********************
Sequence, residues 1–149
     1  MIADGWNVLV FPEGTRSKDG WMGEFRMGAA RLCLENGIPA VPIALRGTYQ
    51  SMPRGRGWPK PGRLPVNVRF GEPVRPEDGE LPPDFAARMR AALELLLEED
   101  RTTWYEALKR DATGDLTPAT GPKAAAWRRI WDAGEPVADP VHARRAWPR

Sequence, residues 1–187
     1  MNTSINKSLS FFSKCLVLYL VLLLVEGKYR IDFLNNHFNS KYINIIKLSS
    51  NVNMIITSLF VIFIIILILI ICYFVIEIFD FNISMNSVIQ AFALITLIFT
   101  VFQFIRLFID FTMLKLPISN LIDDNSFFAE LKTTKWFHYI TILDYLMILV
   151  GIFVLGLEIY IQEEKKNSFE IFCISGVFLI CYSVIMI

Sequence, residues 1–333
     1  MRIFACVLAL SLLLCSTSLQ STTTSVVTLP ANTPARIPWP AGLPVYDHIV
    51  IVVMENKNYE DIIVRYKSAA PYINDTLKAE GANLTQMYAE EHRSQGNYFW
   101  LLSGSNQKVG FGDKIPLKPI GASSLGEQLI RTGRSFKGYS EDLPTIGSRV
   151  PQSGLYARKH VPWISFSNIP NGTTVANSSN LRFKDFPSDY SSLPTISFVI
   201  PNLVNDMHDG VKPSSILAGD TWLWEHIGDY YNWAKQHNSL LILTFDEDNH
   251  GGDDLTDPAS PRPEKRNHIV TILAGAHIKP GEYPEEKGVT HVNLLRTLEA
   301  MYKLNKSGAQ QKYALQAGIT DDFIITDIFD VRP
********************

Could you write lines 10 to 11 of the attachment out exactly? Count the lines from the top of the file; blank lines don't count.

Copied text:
Sequence, residues 1–333
     1  MRIFACVLAL SLLLCSTSLQ STTTSVVTLP ANTPARIPWP AGLPVYDHIV